- Mall aboard: Future requires evolution at West Park Mall (3/24/17)18
- Legal discrimination complaint, ethics complaint filed in Scott City government (3/22/17)13
- Business notebook: Cape native goes from farm to mobile-food operation (3/20/17)1
- Former Scott City administrator: 'I was forced to resign' (3/21/17)6
- Former Southeast softball coach sues Board of Regents; seeks damages and her job back (3/23/17)14
- Triplett manslaughter case set for July 2018 (3/21/17)2
- Two people found dead in Advance house fire (3/21/17)
- Two local lawmakers back charter school bill; Perryville lawmaker objects to measure (3/19/17)24
- Two Cape men charged with second-degree murder of Grandi (3/21/17)2
- Lawmakers put prevailing wage in crosshairs; laborers object (2/12/17)10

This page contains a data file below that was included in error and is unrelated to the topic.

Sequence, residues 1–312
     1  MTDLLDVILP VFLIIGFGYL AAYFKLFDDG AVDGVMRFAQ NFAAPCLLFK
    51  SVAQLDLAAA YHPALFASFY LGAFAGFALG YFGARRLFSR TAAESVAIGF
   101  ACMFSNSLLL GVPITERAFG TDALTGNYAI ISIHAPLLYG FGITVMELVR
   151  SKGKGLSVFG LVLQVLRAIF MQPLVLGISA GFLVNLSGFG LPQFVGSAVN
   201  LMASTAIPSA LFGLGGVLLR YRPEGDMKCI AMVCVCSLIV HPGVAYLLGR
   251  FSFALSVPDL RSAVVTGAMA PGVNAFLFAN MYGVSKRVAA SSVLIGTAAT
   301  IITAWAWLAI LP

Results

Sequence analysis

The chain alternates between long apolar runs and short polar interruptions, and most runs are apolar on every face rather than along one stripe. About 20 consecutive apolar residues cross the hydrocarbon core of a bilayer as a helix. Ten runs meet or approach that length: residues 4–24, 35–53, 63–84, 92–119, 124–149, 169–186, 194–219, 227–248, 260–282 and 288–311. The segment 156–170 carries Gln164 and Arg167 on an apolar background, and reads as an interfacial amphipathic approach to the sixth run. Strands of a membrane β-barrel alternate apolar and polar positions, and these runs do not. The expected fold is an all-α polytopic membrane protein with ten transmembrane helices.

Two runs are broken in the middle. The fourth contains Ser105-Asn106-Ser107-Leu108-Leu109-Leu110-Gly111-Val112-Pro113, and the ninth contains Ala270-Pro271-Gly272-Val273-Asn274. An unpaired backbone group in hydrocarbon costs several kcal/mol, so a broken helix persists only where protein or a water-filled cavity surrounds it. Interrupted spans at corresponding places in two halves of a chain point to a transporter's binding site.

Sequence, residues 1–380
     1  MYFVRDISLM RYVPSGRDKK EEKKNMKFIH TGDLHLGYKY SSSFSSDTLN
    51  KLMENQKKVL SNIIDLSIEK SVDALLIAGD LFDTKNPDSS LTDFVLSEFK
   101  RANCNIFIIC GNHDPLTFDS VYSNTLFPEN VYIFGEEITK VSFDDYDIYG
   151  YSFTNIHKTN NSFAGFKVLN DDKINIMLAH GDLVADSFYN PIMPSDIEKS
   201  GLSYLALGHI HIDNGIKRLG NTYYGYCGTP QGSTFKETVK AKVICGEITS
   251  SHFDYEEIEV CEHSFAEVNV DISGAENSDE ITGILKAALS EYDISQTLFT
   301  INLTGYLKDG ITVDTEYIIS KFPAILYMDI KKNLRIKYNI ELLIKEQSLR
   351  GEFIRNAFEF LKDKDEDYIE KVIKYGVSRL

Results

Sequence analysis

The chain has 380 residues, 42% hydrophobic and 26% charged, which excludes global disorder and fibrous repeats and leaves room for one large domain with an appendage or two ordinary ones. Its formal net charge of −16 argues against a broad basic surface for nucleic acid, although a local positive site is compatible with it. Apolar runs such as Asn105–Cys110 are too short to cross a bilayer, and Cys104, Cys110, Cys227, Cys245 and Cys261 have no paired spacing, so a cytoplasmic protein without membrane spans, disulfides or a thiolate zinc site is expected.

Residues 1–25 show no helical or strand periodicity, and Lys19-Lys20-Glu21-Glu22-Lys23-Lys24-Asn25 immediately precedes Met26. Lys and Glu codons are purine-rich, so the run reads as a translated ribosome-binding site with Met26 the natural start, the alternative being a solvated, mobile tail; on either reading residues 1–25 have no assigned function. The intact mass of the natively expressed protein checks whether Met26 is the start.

Iraq agreement to return of U.N. inspectors lowers oil futures
OSAKA, Japan -- Iraq's agreement to the return of weapons inspectors sent the price of oil futures lower Tuesday, easing pressure on OPEC ministers to boost output to ease price increases that had built on fears of war.
The futures price dipped about 4.4 percent initially on London's International Petroleum Exchange before gaining ground to close down about 2 percent on the day.
Lower prices could bolster the arguments of OPEC members who say the oil supply has been adequate but crude prices have been inflated by a "war premium" of $2 to $4 per barrel on concern the United States might soon invade Iraq in an attempt to topple President Saddam Hussein.
OPEC's key player, Saudi Arabia, has not committed itself to raising output or holding steady when the group meets here Thursday. Saudi oil minister Ali Naimi is due into Osaka on Wednesday.
The United States and other large oil importers have been alarmed by prices that hovered near $30 per barrel, which some worry could harm chances for economic recovery. OPEC has been divided about whether now is the time to pump more.